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Monday, May 20, 2024

Norwegian prisoner dies in Congo jail

One of the two young Norwegian men who’ve been languishing in a prison in the Democratic Republic of Congo for allegedly murdering their taxi driver in 2009 was found dead in his cell on Sunday. Norwegian foreign ministry officials have been trying to secure the pardon or extradition of both men for the past four years, to no avail.

The death of Tjostolv Moland, age 32 and originally from the small town of Vegårdshei in Aust-Agder County, was confirmed by his lawyer Han Marius Graasvold, who said that circumstances around his death were unclear. Moland reportedly had suffered from malaria and depression, and had gone on a hunger strike in 2011, but the cause of death was unknown Sunday night.

Foreign Minister Espen Barth Eide said at a press conference Sunday evening that the ministry has been in contact with authorities in Congo and requested their cooperation in arranging for Moland’s body to be sent home to Norway. Eide said the Norwegian government is also still actively trying to secure the extradition or pardon of Moland’s fellow Norwegian prisoner, Joshua French.

Both men had been elite soldiers in the Norwegian military and were found with invalid military IDs when they were arrested in the spring of 2009. Their reasons for being in Congo have been a source of intrigue, but both young men claimed they were on a business trip from their base in Uganda where they reportedly ran a security guard service. Because of their military IDs, the Congolese police also charged them with spying in addition to murdering their driver. Photos used as evidence in their trial showed a smiling Moland allegedly washing blood off the seat of the vehicle they’d used, and posing with weapons.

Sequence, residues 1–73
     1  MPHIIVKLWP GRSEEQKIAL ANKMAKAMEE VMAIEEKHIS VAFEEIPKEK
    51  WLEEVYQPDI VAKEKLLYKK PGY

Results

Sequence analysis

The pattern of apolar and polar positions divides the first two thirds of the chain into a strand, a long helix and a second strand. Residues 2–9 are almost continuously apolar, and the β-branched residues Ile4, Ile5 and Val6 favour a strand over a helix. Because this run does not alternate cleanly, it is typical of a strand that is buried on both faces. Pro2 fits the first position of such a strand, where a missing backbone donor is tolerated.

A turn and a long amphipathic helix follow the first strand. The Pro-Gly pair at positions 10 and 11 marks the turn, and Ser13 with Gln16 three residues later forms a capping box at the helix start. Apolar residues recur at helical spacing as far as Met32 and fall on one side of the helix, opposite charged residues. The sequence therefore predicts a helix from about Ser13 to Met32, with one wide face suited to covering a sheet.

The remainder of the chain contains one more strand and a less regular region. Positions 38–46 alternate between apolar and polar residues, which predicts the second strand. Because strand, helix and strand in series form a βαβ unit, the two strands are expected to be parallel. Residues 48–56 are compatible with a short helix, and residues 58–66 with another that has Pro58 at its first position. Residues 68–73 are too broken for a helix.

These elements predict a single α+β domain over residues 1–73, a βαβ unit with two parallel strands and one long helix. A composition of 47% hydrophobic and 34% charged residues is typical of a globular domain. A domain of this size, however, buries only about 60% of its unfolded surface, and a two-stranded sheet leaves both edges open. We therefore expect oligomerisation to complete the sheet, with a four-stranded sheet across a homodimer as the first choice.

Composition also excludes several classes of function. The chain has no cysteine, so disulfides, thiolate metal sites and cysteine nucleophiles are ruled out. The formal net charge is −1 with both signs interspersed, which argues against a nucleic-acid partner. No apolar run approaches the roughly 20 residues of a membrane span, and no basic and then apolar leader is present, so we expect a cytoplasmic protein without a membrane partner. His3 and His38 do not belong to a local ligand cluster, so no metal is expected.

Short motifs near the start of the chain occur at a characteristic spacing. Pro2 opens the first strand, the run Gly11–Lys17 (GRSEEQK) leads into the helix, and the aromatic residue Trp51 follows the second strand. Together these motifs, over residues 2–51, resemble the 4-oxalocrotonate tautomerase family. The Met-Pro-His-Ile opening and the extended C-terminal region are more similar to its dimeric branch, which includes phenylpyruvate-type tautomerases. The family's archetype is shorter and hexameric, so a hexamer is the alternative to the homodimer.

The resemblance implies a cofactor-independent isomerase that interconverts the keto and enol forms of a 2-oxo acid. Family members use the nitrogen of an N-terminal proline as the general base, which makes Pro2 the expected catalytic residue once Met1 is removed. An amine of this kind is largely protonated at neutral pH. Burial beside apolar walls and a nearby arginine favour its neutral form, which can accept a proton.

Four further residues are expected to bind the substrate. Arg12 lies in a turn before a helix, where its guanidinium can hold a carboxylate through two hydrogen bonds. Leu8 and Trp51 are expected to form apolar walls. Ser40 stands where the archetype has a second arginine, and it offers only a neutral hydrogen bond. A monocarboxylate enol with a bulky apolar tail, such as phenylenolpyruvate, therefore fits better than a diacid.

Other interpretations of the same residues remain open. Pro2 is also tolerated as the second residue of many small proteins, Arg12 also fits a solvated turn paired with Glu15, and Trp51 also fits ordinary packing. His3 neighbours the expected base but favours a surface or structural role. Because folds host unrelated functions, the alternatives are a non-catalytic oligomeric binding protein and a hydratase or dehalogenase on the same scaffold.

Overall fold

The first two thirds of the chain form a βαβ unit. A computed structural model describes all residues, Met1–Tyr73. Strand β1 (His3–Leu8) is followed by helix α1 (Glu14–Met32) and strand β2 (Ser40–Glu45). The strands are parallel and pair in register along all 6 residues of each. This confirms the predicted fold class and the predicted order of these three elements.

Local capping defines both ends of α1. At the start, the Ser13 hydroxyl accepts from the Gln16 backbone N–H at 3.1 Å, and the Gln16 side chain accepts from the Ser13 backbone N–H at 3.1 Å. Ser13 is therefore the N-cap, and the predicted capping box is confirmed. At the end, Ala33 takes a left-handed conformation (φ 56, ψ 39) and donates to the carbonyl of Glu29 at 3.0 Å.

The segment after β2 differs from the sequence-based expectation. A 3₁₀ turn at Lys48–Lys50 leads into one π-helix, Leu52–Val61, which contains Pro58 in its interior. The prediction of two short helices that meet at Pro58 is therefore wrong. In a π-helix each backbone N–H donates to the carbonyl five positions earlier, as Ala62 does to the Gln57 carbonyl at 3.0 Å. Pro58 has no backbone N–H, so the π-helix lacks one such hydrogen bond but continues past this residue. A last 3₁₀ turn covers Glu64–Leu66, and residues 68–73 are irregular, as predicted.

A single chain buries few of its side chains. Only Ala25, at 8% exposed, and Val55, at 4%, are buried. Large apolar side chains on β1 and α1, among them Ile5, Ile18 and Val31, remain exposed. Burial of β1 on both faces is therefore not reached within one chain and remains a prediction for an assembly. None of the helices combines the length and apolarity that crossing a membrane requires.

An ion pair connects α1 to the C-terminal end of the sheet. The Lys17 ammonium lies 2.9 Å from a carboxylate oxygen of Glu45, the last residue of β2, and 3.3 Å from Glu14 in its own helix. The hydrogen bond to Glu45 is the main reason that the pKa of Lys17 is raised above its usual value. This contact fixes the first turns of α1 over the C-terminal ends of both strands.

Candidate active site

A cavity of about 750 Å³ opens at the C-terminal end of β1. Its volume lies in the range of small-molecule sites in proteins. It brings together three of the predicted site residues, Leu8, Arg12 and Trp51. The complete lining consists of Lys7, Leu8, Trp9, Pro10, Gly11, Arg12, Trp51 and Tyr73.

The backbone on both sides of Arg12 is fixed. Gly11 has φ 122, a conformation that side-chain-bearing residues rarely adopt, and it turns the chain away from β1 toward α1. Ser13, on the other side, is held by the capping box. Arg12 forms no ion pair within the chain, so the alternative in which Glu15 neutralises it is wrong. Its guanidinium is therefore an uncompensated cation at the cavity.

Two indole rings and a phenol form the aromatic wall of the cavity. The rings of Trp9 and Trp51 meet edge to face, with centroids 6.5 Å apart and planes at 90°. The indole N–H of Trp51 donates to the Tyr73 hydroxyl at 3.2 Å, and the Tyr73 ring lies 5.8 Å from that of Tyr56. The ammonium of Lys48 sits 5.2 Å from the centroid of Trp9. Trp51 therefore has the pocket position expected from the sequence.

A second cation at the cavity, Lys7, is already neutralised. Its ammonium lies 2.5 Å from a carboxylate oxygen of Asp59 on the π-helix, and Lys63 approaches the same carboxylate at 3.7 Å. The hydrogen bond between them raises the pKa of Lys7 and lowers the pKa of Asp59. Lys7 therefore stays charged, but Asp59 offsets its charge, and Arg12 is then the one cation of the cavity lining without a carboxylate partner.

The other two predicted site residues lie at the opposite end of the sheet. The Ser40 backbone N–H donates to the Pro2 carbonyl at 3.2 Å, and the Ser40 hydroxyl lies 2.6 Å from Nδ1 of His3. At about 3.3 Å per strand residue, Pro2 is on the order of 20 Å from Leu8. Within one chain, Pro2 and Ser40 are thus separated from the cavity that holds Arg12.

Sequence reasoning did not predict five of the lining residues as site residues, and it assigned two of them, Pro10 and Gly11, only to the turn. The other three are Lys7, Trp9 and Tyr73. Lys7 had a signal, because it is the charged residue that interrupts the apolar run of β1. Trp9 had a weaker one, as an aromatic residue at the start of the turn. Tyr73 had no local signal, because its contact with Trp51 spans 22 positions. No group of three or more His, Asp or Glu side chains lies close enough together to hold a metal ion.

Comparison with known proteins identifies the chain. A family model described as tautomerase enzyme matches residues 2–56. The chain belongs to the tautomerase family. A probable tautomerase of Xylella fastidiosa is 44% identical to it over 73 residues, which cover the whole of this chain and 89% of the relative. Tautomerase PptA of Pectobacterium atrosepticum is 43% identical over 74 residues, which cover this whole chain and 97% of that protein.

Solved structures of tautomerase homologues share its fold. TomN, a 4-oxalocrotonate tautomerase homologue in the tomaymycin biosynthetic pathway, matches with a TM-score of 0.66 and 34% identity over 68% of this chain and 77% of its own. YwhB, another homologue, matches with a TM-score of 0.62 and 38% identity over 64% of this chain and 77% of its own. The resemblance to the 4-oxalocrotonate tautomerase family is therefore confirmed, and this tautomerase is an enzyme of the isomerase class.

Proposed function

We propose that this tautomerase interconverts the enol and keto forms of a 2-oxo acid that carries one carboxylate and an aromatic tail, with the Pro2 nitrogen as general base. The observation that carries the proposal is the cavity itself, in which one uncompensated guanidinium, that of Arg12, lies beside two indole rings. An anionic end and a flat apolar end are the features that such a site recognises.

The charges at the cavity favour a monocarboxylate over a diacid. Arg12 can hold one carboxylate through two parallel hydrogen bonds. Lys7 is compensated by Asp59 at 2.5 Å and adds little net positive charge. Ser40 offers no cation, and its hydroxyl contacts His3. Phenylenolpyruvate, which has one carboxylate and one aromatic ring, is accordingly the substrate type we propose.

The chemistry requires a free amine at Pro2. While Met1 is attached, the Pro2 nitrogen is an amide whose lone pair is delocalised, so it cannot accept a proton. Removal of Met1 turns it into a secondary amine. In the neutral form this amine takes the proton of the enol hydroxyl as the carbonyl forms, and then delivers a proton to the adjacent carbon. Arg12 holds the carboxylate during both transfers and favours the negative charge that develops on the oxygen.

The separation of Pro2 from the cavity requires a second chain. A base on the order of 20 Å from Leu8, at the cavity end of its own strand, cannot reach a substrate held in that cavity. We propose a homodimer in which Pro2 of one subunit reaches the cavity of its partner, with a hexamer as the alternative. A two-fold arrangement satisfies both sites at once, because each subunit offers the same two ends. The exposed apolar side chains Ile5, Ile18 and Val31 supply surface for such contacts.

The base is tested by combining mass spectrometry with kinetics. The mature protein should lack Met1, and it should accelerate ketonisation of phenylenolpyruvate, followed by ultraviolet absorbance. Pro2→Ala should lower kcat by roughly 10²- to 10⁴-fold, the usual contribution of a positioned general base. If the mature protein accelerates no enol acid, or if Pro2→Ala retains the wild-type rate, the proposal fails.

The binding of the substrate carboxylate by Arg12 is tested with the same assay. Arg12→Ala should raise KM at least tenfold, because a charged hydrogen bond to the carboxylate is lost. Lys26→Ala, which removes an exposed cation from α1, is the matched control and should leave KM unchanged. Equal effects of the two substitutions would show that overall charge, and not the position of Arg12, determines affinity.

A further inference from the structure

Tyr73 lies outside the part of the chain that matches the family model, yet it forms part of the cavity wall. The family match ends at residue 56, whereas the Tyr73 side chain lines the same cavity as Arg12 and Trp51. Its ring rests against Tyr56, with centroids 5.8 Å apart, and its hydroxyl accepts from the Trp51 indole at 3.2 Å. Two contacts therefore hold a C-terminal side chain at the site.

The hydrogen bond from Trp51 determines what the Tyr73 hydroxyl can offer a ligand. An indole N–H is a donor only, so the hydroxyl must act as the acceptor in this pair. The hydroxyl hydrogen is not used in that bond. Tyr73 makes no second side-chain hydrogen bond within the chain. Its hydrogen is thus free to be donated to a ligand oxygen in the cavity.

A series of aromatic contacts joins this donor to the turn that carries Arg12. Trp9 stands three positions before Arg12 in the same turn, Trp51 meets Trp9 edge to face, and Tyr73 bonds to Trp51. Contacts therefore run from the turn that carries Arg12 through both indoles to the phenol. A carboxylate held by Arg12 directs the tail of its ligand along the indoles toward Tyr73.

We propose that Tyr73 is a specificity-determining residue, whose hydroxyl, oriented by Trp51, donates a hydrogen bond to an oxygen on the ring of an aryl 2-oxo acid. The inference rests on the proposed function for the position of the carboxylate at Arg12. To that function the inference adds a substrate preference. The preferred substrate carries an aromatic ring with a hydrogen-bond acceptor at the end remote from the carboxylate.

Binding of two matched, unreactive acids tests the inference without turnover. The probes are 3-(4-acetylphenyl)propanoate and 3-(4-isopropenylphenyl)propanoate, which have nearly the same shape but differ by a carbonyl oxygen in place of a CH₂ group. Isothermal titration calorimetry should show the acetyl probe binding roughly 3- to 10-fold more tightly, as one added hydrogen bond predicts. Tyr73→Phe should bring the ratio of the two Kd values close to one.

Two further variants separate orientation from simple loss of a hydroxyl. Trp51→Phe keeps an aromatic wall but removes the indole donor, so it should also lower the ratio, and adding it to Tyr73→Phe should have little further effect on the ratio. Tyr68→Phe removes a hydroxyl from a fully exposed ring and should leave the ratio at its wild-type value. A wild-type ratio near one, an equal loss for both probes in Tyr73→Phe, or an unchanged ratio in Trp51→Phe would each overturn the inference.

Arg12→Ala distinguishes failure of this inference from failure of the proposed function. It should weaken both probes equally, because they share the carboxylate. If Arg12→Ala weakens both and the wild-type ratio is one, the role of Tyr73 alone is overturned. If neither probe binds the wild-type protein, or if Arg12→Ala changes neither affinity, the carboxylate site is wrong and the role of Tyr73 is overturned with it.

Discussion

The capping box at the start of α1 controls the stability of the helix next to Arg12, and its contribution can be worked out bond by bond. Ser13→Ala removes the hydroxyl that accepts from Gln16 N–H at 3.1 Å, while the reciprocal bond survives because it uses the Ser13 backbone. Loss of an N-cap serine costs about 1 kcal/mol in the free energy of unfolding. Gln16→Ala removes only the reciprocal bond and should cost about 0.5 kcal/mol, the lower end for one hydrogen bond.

They have been confined mostly in a military prison in Kinshasa, also after being convicted and sentenced to death. Eide said that a representative for the Norwegian foreign ministry traveled immediately to the prison after receiving word of Moland’s death.

“We will be exerting as much pressure as possible on the Congolese authorities,” Eide told Norwegian Broadcasting (NRK), adding that he and his colleagues have devoted enormous resources to the Moland-French case since it erupted four years ago. He has had direct contact with Congo’s president, as has his predecessor Jonas Gahr Støre, but the Congolese officials have said it was too politically difficult for them to extradite or pardon either man.

Both have thus continued to languish in the Congo prison under extremely difficult conditions. Graasvold, the lawyer for Moland, told NRK that a top priority now is to take care of Joshua French and try to secure his release along with that of Moland’s body. Moland’s father continued to criticize Norwegian government officials for not doing even more to secure his son’s release. Eide responded that many Norwegian citizens are held in foreign prisons, and that the government’s involvement in the French-Moland case was without parallel. Berglund



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